I had the privilege of attending the installation of The Rt. Rev. Michael Curry as Presiding Bishop of the Episcopal Church this past Sunday at Washington National Cathedral. I slipped in after playing two services at St. Alban’s that morning, even knowing that I still had a rehearsal and service for an All Souls service coming up after the Cathedral’s service. A day only a church professional could love! I was happy to celebrate with thousands of others all that Michael Curry represents as a leader in this church – compassion and passion, wisdom and levity all bound together in one energetic human frame that seems fired up by God and for God’s work in this world.
I don’t think it’s possible for anyone who works in the church – clergy or lay people alike – to attend any service without having their critical eyes and ears working overtime. We so rarely can simply worship when we go to church. And so it was with the clergy and friends surrounding me at the installation. Difficult to understand all of Curry’s words as he swiveled from side to side in the pulpit…was the sermon just a few minutes too long? That hymn is a lot slower than I like to sing it…no one seems to know this piece of service music. Too many things from too many traditions jammed into a service that sometimes came just a little to close to chaos. Not very good liturgy, some have said.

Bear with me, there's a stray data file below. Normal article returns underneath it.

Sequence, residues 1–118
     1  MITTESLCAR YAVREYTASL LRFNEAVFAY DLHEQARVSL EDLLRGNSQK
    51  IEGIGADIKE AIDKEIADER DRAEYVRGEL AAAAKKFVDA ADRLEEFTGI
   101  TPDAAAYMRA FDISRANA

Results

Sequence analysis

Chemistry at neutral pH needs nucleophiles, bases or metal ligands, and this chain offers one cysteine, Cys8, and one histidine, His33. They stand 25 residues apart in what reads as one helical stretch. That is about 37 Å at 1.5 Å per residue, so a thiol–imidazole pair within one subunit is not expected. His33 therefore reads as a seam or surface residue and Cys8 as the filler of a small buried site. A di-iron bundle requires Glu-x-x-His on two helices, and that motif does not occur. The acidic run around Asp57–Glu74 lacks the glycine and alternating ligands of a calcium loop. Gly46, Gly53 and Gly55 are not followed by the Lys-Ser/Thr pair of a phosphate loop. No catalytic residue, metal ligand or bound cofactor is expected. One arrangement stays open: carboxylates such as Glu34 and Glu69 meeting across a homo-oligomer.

But it was really great church. Ours is a church of many sides, styles, flavors, colors, and traditions. It was right to have a service that pointed to as many of those things as it could. I don’t think anyone would want a 3 hour service from the everything-but-the-kitchen-sink school of liturgical style all the time, but it was perfect for that day and occasion, and for this time in our church’s life.
There was one moment in Sunday’s ceremony that spoke most deeply to me, and not surprisingly it was the very simplest of things. Three Native Americans accompanied the Gospel procession, with a small hand drum and some kind of rattle. It was spare and quiet and held everyone’s attention. God speaks in the chaotic joy of course, but I hear God’s voice more loudly in those quiet moments. Together, all of it, exuberant or still, made for good church.
God bless Bishop Curry and the Episcopal Church.
The Native American Gospel Halleluia “Halleyuan” was very cultural yet expressed Anglican tradition in the worship space. I’d recommend replacing the rattle with a rack of sleigh bells for a brighter sound.
Great perspective, Sonya!